North-East Indian cuisine

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Outlets outside the North-east

As in 2019

Anoothi Vishal, August 25, 2019: The Times of India

A Naga-style black sesame pork dish at the Grand Market Pavilion
From: Anoothi Vishal, August 25, 2019: The Times of India

North-east food’s hot (we’re not talking about chillies)

Kolkata, the cosmopolitan melting pot of the east, has always been a gateway to the seven sisters. However, apart from Kalimpong-native Doma Wang’s coveted momos and a couple of small eateries serving food from Assam or Nagaland alongside Indian-Chinese, cuisine from the north-east has never really been represented adequately in the city that famously loves its food.

Now, that has changed. At the Grand Market Pavilion within the newly opened ITC Royal Bengal, the buffet has an extensive north-east section with dishes like kauri (Sikkimese handmade “pasta” served in a rich broth), Nagastyle pork cooked in black sesame paste, Manipuri ooti, Khasi jadoh, Assamese tenga, and tribal dishes made with local ingredients such as fiddlehead fern, culantro (a variety of cilantro called mandhonia in Assam), and even honey from stingless bees in Nagaland.

The menu didn’t happen overnight, with the hotel putting in several years of research into north-eastern culinary traditions and setting up a supply chain for sourcing authentic and often elusive ingredients. “The biggest stumbling block to setting up a north-eastern food restaurant on a large scale is sourcing the right ingredients. We have been able to overcome that by going to the region and establishing a proper supply chain,” says chef Vijay Malhotra of ITC Royal Bengal.

It is not just the big chains that are behind the transition of north-eastern food from niche to mainstream. In the metros, pop-up meals by home cooks and the mushrooming of small mom-and-pop restaurants have been giving people a taste for this cuisine.

In Delhi, for instance, last year saw the emergence of Bankaahi at Assam Bhawan run by restaurateur Utpala Mukherjee who sought to showcase not just better known Assamese dishes such as tenga or pitika but also dishes of the Brahmaputra Valley tribes such as mudru shamlai, a vegetarian stew of the Dimasas, kangthu or fish steamed in banana leaves of the Karbis, Aran, and a Mising-style pork cooked with Szechwan pepper leaves. “Most people only know a few popular dishes but my aim is to bring to the fore lesser-known dishes as well,” says Mukherjee. Then, a former Army major and his wife started Look Act East, a Manipuri restaurant in Dilli Haat.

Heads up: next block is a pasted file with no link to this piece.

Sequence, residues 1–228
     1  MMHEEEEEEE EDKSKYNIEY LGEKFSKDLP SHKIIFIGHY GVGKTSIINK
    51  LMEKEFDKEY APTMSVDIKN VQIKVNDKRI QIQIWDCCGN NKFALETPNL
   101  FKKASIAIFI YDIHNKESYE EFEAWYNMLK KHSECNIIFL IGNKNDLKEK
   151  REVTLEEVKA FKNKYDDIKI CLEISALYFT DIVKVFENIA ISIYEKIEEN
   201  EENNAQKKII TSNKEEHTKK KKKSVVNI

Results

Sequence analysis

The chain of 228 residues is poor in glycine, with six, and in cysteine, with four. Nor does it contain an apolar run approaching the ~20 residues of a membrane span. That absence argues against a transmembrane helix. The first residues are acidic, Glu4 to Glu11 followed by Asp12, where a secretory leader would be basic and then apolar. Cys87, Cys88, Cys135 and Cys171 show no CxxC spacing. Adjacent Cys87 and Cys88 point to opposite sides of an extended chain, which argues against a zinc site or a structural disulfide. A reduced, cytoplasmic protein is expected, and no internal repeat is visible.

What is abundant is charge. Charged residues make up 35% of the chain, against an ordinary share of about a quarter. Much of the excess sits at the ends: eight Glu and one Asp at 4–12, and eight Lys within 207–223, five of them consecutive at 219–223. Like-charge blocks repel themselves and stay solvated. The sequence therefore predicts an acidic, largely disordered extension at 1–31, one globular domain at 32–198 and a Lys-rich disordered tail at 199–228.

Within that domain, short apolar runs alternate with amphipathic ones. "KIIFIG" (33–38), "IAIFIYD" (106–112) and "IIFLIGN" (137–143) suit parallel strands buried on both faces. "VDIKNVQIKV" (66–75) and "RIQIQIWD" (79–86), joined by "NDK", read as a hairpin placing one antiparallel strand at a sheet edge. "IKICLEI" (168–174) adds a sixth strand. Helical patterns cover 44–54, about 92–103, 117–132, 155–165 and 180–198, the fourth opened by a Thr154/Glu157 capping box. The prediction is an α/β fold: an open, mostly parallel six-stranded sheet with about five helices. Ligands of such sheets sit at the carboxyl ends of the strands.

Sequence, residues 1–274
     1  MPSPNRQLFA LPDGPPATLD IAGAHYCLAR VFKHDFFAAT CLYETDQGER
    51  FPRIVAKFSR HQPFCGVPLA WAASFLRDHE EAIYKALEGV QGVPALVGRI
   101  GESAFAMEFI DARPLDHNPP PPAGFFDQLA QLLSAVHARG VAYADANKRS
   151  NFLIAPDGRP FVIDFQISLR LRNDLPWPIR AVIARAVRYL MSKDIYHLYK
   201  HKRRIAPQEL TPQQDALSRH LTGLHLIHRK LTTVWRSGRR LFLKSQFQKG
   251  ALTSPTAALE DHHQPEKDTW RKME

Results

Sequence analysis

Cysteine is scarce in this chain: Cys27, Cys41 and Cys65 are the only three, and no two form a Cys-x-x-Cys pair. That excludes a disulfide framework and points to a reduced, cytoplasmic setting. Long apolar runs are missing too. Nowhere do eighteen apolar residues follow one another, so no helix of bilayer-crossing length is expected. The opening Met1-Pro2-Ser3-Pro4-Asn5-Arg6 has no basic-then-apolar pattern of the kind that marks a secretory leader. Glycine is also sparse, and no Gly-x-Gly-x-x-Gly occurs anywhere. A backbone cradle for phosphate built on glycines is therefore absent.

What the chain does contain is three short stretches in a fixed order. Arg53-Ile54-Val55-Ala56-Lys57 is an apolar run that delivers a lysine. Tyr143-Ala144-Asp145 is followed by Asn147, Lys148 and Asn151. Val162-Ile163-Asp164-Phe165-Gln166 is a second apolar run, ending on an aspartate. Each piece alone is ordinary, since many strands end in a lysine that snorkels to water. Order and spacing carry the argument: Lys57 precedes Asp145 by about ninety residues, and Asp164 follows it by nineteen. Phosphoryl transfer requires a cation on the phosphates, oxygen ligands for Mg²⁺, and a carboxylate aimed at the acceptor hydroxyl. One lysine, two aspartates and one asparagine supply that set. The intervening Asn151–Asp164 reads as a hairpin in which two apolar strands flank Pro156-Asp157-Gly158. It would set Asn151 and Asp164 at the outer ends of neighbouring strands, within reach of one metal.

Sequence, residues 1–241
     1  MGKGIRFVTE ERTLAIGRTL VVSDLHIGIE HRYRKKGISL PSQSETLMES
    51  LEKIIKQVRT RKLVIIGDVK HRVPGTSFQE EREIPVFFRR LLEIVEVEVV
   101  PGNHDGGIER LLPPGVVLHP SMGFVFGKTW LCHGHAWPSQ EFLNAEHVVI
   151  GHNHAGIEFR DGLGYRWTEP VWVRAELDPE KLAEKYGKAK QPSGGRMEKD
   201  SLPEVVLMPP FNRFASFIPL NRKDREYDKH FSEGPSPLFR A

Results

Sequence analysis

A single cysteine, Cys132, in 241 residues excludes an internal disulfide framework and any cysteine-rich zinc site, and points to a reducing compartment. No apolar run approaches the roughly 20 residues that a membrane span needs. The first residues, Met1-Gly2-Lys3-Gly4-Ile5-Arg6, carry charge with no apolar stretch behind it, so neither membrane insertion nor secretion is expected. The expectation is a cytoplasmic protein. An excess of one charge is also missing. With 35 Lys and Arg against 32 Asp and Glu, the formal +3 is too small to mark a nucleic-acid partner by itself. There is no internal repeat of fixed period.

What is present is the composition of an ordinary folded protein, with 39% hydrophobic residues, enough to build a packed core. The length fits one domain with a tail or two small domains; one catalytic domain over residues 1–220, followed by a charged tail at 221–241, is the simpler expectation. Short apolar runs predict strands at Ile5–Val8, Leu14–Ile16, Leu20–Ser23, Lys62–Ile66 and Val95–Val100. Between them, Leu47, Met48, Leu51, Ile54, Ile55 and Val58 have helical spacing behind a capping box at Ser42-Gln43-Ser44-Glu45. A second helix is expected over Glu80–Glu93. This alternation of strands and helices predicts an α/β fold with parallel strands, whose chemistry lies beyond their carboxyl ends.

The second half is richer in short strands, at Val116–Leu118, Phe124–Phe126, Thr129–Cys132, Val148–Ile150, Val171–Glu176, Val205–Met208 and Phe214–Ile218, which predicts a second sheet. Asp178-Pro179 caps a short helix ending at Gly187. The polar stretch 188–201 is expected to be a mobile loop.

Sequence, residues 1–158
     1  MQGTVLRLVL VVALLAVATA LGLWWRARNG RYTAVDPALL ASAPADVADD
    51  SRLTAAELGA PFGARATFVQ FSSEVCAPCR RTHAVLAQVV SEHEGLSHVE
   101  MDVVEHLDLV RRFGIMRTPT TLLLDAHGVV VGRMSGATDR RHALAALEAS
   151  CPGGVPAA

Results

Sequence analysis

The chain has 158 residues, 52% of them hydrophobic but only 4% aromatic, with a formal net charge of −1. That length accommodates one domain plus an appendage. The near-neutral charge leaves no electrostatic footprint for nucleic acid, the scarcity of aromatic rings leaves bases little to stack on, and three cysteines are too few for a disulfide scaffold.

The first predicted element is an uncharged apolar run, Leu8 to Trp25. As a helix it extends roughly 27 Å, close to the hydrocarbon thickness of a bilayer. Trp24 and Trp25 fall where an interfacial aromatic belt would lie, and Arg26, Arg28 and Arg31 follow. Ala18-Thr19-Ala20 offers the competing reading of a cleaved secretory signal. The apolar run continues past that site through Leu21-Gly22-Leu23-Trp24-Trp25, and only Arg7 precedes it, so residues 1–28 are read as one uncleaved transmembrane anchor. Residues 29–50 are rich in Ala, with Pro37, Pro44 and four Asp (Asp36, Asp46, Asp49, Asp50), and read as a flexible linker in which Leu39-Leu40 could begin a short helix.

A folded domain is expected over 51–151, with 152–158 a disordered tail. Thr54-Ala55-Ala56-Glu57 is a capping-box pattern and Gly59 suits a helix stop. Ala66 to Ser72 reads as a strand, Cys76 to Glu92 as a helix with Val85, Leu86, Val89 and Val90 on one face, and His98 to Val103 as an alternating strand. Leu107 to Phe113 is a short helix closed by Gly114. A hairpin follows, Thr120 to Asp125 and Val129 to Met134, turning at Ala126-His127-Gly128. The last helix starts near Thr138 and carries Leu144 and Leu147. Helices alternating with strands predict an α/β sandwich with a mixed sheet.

In Mumbai, King Chilli, named after the world-famous hot “raja mircha”, became the talk of the foodie circuit for its Thangkul and Meitei tribal dishes apart from the other favourite Thotrin café offering Manipuri and Naga specials and home cook Gitika Saikia’s pop-ups.

Eat Your Kappa, a collection of vlogs on YouTube, has become quite a sensation. Run by Nambie Jessica Marak, a Shillong native who moved to Chennai, it celebrates her native Garo food while also documenting recipes. Kappa, interestingly, refers to a method of cooking, where a strong alkali extracted from bamboo is used to flavour and tenderise meats and vegetables.

These initiatives are not only making north-east dishes accessible, they’re also changing the perception that it’s alien. Due to the emphasis on preservation techniques such as fermentation, foraging of wild ingredients, minimal use of spicing, many Indians found it hard to acquire a taste for this cuisine. But with more millennials heading to the north-east for holidays and music festivals, there has been a great deal of cultural — and culinary — interest in the region in the last three-four years. As that interest goes from hole-in-the-wall eateries to five-star chains, the flavours of the north-east are enriching both palates and plates.

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